How To Get A Job In The TV and Film Industry! | John Watts | Skillshare

Playback Speed

  • 0.5x
  • 1x (Normal)
  • 1.25x
  • 1.5x
  • 2x

How To Get A Job In The TV and Film Industry!

teacher avatar John Watts, Writer/Director

Watch this class and thousands more

Get unlimited access to every class
Taught by industry leaders & working professionals
Topics include illustration, design, photography, and more

Watch this class and thousands more

Get unlimited access to every class
Taught by industry leaders & working professionals
Topics include illustration, design, photography, and more

Lessons in This Class

8 Lessons (36m)
    • 1. Introduction

    • 2. Is The Industry Right For You

    • 3. Misconceptions

    • 4. What Role Is For You

    • 5. First Steps

    • 6. Work Experience

    • 7. Professional Contacts

    • 8. Thanks

  • --
  • Beginner level
  • Intermediate level
  • Advanced level
  • All levels

Community Generated

The level is determined by a majority opinion of students who have reviewed this class. The teacher's recommendation is shown until at least 5 student responses are collected.





About This Class

This course will teach you how you can get your first job/role in the TV and Film industry. 

During the videos we will cover:

  • If the industry is right for you.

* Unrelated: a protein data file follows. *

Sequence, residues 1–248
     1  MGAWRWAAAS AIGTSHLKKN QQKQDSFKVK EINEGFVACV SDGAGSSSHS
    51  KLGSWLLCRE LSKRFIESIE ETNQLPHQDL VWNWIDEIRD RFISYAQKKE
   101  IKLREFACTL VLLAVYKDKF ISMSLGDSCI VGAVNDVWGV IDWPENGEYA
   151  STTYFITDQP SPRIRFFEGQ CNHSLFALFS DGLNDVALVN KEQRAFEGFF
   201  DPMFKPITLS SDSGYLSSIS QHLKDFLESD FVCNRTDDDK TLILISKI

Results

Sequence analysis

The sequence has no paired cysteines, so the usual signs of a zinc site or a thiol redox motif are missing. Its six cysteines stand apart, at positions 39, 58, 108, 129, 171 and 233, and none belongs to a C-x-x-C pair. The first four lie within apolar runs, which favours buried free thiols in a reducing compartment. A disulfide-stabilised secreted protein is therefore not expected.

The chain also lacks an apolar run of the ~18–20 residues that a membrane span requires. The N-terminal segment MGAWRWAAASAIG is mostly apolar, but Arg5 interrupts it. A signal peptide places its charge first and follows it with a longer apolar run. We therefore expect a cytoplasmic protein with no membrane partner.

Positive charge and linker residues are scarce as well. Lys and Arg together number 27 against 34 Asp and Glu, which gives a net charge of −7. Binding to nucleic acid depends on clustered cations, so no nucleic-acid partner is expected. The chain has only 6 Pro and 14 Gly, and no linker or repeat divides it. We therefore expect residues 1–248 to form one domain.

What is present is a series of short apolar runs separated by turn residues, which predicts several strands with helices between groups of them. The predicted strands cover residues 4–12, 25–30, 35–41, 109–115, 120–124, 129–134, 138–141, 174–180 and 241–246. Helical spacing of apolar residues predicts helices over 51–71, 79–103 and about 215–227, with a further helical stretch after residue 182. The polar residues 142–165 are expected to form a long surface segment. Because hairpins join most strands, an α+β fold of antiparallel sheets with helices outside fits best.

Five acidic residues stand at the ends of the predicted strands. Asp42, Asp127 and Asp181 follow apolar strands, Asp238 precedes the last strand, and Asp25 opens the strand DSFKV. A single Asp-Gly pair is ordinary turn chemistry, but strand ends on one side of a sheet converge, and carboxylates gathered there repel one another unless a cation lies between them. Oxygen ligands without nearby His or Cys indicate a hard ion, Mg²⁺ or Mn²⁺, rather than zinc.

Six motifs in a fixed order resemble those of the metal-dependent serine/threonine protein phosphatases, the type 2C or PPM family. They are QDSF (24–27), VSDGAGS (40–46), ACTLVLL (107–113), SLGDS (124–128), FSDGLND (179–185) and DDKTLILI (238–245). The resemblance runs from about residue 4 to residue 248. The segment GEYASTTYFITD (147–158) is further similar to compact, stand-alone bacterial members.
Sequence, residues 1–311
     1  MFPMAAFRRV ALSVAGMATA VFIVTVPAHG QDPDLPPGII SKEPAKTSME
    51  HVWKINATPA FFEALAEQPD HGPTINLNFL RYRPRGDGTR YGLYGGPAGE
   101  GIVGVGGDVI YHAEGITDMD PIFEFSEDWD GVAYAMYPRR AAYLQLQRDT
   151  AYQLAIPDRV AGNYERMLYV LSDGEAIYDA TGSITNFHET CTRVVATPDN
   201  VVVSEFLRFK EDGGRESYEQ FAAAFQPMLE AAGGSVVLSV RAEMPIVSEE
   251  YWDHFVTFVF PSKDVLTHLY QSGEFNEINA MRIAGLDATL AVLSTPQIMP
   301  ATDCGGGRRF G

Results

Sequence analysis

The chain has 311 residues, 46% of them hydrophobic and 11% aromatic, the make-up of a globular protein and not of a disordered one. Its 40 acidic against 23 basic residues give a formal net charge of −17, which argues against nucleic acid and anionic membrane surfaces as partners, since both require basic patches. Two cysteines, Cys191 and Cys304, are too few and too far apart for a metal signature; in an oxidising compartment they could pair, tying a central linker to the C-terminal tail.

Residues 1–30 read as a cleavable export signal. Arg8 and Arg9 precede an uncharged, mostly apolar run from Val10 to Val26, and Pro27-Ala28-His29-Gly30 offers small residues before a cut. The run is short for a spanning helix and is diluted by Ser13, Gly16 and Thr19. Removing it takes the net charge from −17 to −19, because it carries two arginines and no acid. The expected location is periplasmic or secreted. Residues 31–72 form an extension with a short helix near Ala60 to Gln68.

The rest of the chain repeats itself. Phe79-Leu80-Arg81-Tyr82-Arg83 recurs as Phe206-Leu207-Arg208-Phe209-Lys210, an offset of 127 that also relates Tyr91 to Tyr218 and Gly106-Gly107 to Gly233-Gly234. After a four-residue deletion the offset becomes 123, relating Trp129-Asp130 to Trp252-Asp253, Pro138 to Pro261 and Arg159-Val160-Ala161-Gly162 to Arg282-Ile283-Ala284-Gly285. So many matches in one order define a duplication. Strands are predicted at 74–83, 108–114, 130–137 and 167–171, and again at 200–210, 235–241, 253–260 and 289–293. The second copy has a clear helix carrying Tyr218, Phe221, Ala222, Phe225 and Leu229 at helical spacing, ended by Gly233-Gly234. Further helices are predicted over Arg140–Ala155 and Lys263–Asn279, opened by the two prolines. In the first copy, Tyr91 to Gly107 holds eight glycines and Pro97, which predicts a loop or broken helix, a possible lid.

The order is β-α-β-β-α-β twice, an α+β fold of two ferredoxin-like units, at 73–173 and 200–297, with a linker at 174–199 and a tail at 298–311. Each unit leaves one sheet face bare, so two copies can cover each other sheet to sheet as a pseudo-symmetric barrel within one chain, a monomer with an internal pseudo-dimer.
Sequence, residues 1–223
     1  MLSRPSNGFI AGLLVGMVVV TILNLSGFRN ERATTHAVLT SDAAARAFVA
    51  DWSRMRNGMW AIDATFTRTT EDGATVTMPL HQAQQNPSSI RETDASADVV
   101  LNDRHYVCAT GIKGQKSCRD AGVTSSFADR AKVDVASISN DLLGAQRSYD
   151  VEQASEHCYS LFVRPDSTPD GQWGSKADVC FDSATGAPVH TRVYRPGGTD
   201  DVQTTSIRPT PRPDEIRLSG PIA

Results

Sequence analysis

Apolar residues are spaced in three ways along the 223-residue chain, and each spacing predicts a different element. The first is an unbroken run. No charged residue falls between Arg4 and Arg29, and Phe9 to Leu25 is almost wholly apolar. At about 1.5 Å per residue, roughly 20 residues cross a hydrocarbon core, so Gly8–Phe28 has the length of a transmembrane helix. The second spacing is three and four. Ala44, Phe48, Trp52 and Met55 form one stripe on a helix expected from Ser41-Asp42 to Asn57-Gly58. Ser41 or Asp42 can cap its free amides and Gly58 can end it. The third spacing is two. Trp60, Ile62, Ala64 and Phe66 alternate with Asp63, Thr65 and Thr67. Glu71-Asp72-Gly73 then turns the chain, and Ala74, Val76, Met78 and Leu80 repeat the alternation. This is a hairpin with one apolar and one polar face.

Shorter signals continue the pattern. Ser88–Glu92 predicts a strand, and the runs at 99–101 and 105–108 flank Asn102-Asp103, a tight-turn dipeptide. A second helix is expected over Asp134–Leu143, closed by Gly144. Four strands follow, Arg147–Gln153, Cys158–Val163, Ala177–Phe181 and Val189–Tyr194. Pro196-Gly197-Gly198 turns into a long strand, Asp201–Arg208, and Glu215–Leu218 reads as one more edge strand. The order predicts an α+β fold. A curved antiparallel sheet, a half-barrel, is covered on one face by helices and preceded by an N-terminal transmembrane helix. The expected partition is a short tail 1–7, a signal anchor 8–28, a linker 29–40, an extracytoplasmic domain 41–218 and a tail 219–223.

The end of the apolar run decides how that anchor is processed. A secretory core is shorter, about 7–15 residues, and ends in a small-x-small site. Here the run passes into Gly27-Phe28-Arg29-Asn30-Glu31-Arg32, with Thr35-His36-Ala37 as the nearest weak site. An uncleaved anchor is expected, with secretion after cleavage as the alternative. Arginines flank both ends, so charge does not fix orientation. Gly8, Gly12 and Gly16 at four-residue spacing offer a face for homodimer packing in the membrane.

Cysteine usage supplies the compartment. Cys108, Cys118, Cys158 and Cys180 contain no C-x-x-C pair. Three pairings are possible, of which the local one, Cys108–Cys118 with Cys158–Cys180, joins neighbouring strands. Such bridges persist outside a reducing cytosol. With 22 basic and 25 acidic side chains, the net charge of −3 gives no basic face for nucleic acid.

• What role or department is a good fit.
  • Some common misconceptions about working in the film industry.
  • How you get knowledge and hands on experience.
  • What you need to show potential employers.
  • How to find contacts and what to say to land your first role.

If you are looking or have even thought about getting into the tv and film industry but don't know how, this course is for you. It doesn't require any previous knowledge and will give you an actionable process in order to get your foot in the door.

About me: I have been in the industry for 20 years, working my way up from the very bottom rung of the ladder to now being a professional Screenwriter and Director.  

Meet Your Teacher

Teacher Profile Image

John Watts



Hi All,

My name is John and I have been working in the film and television industry for 20 years. I started my career with the BBC, ITV and various Sky channels before moving over to the film industry where I am now a professional Writer and feature film Director. I hold a masters degree in Screenwriting, have sold scripts in the USA, UK and China and have been a script doctor to countless more.

I am passionate about helping others get into the industry and making great stories. 

See full profile

Class Ratings

Expectations Met?
  • 0%
  • Yes
  • 0%
  • Somewhat
  • 0%
  • Not really
  • 0%

Why Join Skillshare?

Take award-winning Skillshare Original Classes

Each class has short lessons, hands-on projects

Your membership supports Skillshare teachers